‘Look, it's like this,’ he continued then fixing on me kindly but earnestly.
‘Setting off as a couple on a yacht will do one of two things. It will either make it or break it. That's it. Just one or the other. There are no in-betweens... and that is not at all a bad thing’.
‘Make it’ is an obvious gain, but equally, if it breaks it, the both of you are still far better off. For then both of you will know sooner, rather than later, that the person you are sharing your life with is the wrong person for you.
People can go for five, ten, even twenty years in normal life and not really know the person they are living with. They only realise it when it is too late or when it is just too painful to do anything about it.
But on the yacht... you'll know in a matter of weeks, certainly no longer than a couple of months, and the both of you will know it too. And, if it is wrong, it is easy to bring it to an end then.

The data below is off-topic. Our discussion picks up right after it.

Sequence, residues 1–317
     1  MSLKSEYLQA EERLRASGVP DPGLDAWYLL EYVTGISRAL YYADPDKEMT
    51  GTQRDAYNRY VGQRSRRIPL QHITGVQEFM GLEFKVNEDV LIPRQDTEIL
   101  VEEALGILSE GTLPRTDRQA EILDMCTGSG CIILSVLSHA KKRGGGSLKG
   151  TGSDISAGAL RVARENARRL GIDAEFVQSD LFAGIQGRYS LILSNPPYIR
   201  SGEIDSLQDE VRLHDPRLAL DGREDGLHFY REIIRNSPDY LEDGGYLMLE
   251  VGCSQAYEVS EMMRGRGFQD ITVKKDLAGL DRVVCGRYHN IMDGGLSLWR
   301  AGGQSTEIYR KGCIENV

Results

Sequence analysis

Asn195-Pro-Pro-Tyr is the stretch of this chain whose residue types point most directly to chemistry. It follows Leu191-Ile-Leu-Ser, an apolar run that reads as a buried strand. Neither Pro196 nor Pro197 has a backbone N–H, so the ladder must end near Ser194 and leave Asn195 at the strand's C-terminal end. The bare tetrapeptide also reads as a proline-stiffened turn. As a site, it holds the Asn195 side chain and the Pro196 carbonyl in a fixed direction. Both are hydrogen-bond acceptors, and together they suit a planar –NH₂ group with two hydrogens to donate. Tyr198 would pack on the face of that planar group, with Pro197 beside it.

I went for more than ten years waking up with my wife alongside me, knowing that I felt, in all honesty, totally alone. I thought that was just life, that's the way it is. But when we went out long distance sailing together we began to see we were just two strangers together. Two strangers that wanted different things from life. Both of us saw that too... and there was no upset about it.
We just knew we had to go our separate ways. That was it. Had we not sailed off together I could have woken up feeling alone in the world, every single day for another fifty years or more. Now, I have a chance to change that.
But... if it is right. My God how it ‘makes it’!
Believe me, nothing can make a bond more close than being together cruising when it is right. Nothing in the world.’
This as so perfectly laid out by Jonathan in that brief encounter in Falmouth seems to be the unbreakable rule of long-term cruising. It was the one I would hear answered in various guises over and over again. Being thoughtful, considerate and romantic will, of course, help any relationship, but it will not make a jot of difference to the outcome aboard a cruising boat. If it is not right the greatest happiness from all efforts will something of nothing compared to the sense of unburdening and the deep sigh of relief that accompanies that final waved goodbye at the airport.